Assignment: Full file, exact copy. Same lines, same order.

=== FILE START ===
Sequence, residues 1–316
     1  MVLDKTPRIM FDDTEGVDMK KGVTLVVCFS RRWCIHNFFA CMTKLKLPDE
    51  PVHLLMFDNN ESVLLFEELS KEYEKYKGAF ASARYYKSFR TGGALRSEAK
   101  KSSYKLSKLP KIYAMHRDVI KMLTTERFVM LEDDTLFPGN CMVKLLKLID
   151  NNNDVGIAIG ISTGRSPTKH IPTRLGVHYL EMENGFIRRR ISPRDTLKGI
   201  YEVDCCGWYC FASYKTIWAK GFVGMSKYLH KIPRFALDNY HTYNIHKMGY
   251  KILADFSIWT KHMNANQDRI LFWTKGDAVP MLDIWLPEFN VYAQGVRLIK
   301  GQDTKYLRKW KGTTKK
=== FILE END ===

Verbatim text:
Sequence, residues 1–316
     1  MVLDKTPRIM FDDTEGVDMK KGVTLVVCFS RRWCIHNFFA CMTKLKLPDE
    51  PVHLLMFDNN ESVLLFEELS KEYEKYKGAF ASARYYKSFR TGGALRSEAK
   101  KSSYKLSKLP KIYAMHRDVI KMLTTERFVM LEDDTLFPGN CMVKLLKLID
   151  NNNDVGIAIG ISTGRSPTKH IPTRLGVHYL EMENGFIRRR ISPRDTLKGI
   201  YEVDCCGWYC FASYKTIWAK GFVGMSKYLH KIPRFALDNY HTYNIHKMGY
   251  KILADFSIWT KHMNANQDRI LFWTKGDAVP MLDIWLPEFN VYAQGVRLIK
   301  GQDTKYLRKW KGTTKK